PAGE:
Role of Brg1 in progression of esophageal squamous cell carcinoma

Document Type : Original Article


1 Medical Genetics Research Center, Medical School, Mashhad University of Medical Sciences, Mashhad, Iran

2 Division of Human Genetics, Immunology Research Center, Avicenna Research Institute, Mashhad University of Medical Sciences, Mashhad, Iran

3 Department of Biology, Faculty of Science, Ferdowsi University of Mashhad, Mashhad, Iran

4 Medical Genetics Research Center, Medical School, Mashhad University of Medical Sciences, Mashhad, Iran 2 Division of Human Genetics, Immunology Research Center, Avicenna Research Institute, Mashhad University of Medical Sciences, Mashhad, Iran


Objective(s): Epigenetic regulation of gene expression can be carried out through chromatin remodeling enzymes such as SWI/SNF. Brg1 also known as SMARCA4 is a catalytic subunit of SWI/SNF, which is necessary for MMPs expression. Matrix metalloproteinases (MMPs) are known as important player enzymes during tumor progression and metastasis. Aberrant epigenetic modification of chromatin should be precisely clarified to reveal probable unknown pathways in ESCC progression. Probable role of Brg1 in ESCC tumorigenesis and metastasis was studied through the assessment of Brg1 mRNA expression in KYSE30, and further evaluation about the biology of Brg1 was performed through the Brg1 silencing.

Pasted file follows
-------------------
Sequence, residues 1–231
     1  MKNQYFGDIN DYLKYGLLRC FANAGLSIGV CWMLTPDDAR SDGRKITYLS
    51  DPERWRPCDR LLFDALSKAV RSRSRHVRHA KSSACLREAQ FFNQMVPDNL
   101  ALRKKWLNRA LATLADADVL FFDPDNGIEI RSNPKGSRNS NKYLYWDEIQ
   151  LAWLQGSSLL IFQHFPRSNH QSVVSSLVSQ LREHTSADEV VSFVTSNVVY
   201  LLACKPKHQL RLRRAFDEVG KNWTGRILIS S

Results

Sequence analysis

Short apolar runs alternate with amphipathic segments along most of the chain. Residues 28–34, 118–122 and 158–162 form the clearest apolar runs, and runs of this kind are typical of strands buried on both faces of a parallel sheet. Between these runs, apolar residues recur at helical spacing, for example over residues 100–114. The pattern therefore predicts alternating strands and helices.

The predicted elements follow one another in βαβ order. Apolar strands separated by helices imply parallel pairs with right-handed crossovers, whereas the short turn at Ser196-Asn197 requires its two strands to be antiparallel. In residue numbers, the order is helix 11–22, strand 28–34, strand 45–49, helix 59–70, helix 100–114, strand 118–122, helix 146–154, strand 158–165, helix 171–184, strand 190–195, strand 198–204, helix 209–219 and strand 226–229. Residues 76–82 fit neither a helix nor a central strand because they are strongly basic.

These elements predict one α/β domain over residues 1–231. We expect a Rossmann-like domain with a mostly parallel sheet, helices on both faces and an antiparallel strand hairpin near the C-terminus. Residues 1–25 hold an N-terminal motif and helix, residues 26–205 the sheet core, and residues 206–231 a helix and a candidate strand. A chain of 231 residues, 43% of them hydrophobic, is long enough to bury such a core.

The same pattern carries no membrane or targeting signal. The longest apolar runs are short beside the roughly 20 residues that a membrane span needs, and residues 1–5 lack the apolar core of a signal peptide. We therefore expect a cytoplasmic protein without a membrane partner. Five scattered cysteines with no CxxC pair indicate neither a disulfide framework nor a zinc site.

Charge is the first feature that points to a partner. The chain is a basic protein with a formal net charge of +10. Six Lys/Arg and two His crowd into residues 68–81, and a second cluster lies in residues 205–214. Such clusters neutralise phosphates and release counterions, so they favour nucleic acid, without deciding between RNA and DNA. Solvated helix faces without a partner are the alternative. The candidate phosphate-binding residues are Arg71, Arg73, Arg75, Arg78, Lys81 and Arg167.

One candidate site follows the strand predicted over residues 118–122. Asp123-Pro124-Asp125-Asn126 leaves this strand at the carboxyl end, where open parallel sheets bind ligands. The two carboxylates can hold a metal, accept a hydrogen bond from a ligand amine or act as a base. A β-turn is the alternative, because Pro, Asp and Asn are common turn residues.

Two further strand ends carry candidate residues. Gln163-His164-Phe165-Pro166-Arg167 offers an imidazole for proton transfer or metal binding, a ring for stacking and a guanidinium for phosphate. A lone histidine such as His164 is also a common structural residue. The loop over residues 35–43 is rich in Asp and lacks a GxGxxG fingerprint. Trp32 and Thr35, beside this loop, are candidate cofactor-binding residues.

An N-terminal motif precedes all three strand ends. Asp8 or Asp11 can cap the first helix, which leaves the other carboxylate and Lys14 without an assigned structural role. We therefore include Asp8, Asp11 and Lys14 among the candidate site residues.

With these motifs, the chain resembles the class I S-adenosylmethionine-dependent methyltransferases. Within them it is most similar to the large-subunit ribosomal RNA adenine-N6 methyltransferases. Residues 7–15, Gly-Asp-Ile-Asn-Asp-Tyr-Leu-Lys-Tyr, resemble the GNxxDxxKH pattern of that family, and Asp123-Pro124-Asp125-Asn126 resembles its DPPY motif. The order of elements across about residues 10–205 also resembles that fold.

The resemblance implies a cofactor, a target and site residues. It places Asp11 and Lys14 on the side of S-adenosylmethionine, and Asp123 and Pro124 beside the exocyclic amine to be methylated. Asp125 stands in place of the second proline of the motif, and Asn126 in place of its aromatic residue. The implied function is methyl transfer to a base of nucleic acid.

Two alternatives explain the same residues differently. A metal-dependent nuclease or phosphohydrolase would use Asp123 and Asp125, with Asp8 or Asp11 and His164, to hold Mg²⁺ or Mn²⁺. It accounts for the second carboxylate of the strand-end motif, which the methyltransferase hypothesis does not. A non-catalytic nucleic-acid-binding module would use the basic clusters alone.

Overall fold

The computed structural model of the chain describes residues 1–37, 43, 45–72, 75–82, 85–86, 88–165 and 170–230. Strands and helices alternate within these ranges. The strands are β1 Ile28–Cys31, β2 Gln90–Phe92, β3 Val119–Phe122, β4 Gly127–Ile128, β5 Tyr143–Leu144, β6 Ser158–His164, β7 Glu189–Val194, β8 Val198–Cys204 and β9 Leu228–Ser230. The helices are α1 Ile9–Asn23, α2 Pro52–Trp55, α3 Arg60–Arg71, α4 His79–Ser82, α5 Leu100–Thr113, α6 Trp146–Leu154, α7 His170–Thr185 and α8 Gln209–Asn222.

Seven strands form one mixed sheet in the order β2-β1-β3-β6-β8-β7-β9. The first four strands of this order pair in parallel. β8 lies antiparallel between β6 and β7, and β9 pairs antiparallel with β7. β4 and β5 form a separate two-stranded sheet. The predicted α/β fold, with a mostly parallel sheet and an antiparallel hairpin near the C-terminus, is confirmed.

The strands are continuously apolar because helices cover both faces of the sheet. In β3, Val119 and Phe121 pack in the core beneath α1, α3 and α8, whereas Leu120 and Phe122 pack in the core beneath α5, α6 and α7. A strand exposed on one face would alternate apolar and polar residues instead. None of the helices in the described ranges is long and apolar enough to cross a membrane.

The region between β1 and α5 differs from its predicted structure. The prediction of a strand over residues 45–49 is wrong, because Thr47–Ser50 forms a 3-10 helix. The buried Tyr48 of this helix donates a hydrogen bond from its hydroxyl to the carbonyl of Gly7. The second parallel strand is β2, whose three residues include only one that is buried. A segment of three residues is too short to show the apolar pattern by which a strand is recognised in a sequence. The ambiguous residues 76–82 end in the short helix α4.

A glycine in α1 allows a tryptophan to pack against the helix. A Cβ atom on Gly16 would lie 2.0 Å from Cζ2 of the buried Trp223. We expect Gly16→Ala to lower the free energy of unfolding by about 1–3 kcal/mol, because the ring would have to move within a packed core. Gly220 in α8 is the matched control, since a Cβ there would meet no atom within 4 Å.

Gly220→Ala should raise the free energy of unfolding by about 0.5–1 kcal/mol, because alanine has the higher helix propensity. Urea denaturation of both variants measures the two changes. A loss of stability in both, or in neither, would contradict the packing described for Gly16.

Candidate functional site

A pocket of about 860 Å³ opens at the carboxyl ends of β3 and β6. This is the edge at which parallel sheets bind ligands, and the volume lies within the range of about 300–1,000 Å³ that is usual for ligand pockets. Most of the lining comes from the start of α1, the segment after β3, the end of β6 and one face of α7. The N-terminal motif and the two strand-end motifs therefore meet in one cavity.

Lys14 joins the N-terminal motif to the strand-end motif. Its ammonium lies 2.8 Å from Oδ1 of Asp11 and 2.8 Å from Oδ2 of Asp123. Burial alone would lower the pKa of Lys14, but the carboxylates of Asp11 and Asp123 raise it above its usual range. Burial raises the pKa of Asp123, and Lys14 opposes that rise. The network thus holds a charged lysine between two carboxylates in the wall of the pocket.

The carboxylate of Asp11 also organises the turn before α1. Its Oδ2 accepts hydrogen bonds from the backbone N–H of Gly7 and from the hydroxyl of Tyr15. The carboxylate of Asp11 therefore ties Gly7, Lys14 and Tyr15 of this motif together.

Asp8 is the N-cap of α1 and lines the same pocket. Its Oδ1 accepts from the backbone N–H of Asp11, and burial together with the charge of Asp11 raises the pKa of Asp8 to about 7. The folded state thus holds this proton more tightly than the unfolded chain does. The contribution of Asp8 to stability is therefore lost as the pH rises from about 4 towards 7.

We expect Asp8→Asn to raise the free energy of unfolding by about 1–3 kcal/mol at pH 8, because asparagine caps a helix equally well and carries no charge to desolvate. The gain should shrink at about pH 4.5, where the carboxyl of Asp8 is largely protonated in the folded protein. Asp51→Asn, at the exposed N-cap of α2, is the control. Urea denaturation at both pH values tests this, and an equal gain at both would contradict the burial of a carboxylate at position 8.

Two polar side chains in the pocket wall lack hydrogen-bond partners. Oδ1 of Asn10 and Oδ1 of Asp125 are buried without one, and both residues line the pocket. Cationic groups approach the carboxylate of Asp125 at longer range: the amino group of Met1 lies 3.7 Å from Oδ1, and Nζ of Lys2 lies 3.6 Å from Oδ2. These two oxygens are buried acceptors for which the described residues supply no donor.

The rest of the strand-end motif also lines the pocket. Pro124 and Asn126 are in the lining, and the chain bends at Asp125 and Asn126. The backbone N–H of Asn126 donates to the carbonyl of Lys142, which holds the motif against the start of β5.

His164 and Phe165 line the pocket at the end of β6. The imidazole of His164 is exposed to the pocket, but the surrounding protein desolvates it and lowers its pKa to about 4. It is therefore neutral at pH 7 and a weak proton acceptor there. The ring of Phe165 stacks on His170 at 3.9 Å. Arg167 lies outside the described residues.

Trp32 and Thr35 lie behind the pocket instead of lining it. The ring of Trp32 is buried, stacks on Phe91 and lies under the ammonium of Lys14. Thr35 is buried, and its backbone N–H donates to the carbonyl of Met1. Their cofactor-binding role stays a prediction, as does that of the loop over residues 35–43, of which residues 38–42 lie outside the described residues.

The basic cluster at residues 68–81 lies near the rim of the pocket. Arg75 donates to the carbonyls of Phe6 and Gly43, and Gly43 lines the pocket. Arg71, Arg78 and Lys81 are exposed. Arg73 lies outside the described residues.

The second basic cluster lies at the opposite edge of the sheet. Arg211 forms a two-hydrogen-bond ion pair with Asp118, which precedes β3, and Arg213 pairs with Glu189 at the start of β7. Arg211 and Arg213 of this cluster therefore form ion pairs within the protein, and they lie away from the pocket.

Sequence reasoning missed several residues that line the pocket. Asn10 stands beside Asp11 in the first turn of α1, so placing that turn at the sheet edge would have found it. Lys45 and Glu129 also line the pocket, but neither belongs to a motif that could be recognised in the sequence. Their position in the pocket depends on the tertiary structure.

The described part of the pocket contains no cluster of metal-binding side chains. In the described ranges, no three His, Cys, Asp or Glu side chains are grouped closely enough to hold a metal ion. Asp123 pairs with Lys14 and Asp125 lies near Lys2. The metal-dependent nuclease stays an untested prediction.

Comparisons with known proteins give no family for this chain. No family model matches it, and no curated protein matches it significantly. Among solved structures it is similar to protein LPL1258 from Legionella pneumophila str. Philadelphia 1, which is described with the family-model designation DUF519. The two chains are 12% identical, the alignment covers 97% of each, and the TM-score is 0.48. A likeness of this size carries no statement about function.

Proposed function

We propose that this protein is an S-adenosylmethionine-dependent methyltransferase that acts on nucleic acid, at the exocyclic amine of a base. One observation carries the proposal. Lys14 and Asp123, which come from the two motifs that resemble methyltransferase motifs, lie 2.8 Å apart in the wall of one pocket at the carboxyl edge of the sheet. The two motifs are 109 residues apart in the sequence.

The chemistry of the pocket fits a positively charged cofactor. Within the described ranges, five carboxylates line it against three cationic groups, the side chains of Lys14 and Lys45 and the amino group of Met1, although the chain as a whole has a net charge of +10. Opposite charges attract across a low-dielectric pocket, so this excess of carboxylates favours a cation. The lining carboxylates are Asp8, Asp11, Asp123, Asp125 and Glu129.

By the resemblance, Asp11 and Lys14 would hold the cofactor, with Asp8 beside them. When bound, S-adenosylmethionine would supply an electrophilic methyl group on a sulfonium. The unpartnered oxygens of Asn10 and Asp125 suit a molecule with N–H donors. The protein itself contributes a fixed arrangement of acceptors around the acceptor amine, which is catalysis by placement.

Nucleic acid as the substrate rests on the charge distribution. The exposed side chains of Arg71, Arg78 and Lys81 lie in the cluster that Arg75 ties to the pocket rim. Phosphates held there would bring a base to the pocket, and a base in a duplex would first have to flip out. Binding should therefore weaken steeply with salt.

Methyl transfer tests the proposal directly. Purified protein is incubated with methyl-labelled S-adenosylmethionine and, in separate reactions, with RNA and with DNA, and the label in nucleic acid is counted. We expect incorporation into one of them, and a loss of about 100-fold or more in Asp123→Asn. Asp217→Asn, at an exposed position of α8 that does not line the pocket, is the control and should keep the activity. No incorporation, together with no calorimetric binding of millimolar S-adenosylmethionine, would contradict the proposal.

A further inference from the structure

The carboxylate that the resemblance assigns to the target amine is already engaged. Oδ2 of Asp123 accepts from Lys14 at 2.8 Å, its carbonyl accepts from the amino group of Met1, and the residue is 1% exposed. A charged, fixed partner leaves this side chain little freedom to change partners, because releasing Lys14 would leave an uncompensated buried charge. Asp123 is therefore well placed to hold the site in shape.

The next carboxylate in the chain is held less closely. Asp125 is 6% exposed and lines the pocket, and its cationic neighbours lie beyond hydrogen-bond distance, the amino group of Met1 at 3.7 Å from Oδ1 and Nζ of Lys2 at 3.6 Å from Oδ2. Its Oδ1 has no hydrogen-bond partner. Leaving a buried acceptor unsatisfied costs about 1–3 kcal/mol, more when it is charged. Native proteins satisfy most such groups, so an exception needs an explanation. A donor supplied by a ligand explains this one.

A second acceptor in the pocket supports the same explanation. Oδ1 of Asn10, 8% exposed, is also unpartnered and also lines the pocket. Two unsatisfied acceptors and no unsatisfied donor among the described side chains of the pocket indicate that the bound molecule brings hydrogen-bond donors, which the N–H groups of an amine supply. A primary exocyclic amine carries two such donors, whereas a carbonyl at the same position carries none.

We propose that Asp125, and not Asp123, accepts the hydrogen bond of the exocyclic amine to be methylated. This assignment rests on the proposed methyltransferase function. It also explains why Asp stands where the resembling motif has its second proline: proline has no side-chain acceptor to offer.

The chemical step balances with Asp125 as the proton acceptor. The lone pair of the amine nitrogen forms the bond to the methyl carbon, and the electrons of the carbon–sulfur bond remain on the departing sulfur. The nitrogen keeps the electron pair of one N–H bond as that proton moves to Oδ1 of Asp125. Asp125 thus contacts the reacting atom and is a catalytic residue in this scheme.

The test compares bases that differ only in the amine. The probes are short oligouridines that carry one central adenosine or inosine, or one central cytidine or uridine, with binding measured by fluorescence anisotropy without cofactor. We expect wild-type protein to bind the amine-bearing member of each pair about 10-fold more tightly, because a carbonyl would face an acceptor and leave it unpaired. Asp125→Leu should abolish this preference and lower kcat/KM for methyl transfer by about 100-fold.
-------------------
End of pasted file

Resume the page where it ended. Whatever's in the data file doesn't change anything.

Materials and Methods: Level of Brg1 mRNA expression in KYSE30 was compared to normal tissues using the real time polymerase chain reaction (PCR). Moreover, KYSE30 cells were transfected with Brg1-siRNA to silence the Brg1.
Results: Our results showed for the first time that Brg1 mRNA expression was increased in KYSE30 cell line (ESCC cell line) compared with normal esophageal tissue of ESCC patients. Rate of transfection in KYSE30 was also between 40 to 50%, using the pSilencer-Brg1shRNA (1:1 ratio). Conclusion: Our data indicated that chromatin remodeling machinery is a novel aspect in tumor biology of ESCC, and overexpression of Brg1 as an important member of SWI/SNF might be involved in the migration and invasion of ESCC tumoral cells.


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